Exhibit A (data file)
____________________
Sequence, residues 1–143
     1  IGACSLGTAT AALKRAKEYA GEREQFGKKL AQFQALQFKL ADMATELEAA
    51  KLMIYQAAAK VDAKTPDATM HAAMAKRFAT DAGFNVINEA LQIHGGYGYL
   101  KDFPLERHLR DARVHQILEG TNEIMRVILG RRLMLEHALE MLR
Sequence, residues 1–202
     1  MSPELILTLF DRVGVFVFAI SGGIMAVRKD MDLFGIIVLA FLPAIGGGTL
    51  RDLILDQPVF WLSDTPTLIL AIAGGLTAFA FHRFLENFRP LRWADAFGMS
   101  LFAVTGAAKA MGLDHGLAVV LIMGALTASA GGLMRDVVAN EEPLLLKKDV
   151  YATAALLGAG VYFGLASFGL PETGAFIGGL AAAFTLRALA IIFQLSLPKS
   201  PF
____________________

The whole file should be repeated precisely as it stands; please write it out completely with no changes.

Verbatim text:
Sequence, residues 1–143
     1  IGACSLGTAT AALKRAKEYA GEREQFGKKL AQFQALQFKL ADMATELEAA
    51  KLMIYQAAAK VDAKTPDATM HAAMAKRFAT DAGFNVINEA LQIHGGYGYL
   101  KDFPLERHLR DARVHQILEG TNEIMRVILG RRLMLEHALE MLR
Sequence, residues 1–202
     1  MSPELILTLF DRVGVFVFAI SGGIMAVRKD MDLFGIIVLA FLPAIGGGTL
    51  RDLILDQPVF WLSDTPTLIL AIAGGLTAFA FHRFLENFRP LRWADAFGMS
   101  LFAVTGAAKA MGLDHGLAVV LIMGALTASA GGLMRDVVAN EEPLLLKKDV
   151  YATAALLGAG VYFGLASFGL PETGAFIGGL AAAFTLRALA IIFQLSLPKS
   201  PF